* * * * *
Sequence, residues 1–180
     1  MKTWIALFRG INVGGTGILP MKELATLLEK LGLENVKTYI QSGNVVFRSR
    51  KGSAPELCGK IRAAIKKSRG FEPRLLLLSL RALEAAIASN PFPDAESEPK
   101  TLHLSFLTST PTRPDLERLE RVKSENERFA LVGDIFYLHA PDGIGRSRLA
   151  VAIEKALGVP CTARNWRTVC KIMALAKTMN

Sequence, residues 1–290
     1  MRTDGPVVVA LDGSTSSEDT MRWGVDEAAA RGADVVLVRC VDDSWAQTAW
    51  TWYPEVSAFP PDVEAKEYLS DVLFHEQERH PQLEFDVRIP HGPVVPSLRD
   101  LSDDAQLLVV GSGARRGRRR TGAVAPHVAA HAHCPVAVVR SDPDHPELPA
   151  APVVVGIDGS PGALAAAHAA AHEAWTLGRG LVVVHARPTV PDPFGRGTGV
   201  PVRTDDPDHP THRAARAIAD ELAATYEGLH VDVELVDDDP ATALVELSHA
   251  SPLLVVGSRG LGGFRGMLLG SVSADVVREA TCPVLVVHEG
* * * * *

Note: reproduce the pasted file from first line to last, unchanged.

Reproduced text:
Sequence, residues 1–180
     1  MKTWIALFRG INVGGTGILP MKELATLLEK LGLENVKTYI QSGNVVFRSR
    51  KGSAPELCGK IRAAIKKSRG FEPRLLLLSL RALEAAIASN PFPDAESEPK
   101  TLHLSFLTST PTRPDLERLE RVKSENERFA LVGDIFYLHA PDGIGRSRLA
   151  VAIEKALGVP CTARNWRTVC KIMALAKTMN

Sequence, residues 1–290
     1  MRTDGPVVVA LDGSTSSEDT MRWGVDEAAA RGADVVLVRC VDDSWAQTAW
    51  TWYPEVSAFP PDVEAKEYLS DVLFHEQERH PQLEFDVRIP HGPVVPSLRD
   101  LSDDAQLLVV GSGARRGRRR TGAVAPHVAA HAHCPVAVVR SDPDHPELPA
   151  APVVVGIDGS PGALAAAHAA AHEAWTLGRG LVVVHARPTV PDPFGRGTGV
   201  PVRTDDPDHP THRAARAIAD ELAATYEGLH VDVELVDDDP ATALVELSHA
   251  SPLLVVGSRG LGGFRGMLLG SVSADVVREA TCPVLVVHEG